By now, it’s over except for the weeping and the moaning. Tonight, CPS principals found out their budgets for the coming year and the word I’m hearing is that the many reassurances they had that the per pupil budgets wouldn’t be bad have fallen by the wayside. Principals with 7 figure holes in their budget don’t seem uncommon and there will be some deep and painful cuts on the backs of Chicago’s teachers and school children. This will be the kind of ambush that those of us who watch Game of Thrones saw on Sunday night. Actually, there are a lot of similarities between Joffrey and Rahm.
I’m not kidding about some large schools facing multi-million dollar cuts to their budget. Of course, this will be blamed on the teachers. Our huge 3 percent raise for working 17% longer is the culprit or maybe it’s our ridiculously high pensions. The worst part is that I believe the current budget is probably CPS posturing. Unfortunately, a lot of teachers will be laid off before anything gets changed.
CPS has been true to form in their actions towards the pension shortfall. They refused to meet with the CTU representatives in Springfield from November until May. When they did finally meet with CTU, their negotiating strategy was to offer nothing and demand cuts. CTU rightly wants to know that the revenue stream for the pensions will be fixed and that healthcare will be adequately funded.
I saw on the Huffington Post today that charter school hack Andrew Broy calls these neighborhood schools closings a “new era of possibility for Chicago students“. Calling this outrage an era of new possibility is like calling the attack on the World Trade Center a great real estate opportunity. I hate profiteering.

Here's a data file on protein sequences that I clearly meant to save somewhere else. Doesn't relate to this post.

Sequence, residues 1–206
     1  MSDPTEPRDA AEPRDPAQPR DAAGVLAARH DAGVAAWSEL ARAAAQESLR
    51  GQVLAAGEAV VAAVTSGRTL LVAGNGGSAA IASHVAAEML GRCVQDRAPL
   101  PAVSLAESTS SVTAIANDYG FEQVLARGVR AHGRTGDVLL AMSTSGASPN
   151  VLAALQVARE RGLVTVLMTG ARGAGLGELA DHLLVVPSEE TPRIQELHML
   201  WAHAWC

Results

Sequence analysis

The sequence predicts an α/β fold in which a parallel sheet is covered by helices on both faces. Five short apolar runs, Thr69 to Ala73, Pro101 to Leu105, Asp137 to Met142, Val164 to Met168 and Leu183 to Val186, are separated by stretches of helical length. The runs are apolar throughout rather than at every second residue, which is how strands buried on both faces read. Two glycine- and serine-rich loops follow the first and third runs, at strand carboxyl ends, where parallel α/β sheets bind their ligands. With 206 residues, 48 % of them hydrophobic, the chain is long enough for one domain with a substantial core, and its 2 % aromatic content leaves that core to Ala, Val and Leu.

““I’m paying out of my bottom for my education at DePaul, the extremely high tuition is worth every penny, but they certainly don’t need taxpayer dollars,” said Erika Wozniak, 30, the organizer of Wednesday’s protest, which was timed to coincide with a faculty meeting.”
“The Chicago Public Schools is working through the issues. I can’t tell you today what their budget’s gonna be line-by-line. I know that the first priority is to protect the classroom and to protect our children’s education and to also find savings — as we have to pay for a full day of kindergarten — through administrative savings, as we have from Day One,” he said.
“Rauner, who says he’s not one of those typical politicians, made the announcement in a slick video on his website, produced with some of the $1.5 million his exploratory committee has collected. “I could ride a horse at six, milk a cow at eight, fire a rifle at ten,” Rauner says in the video.”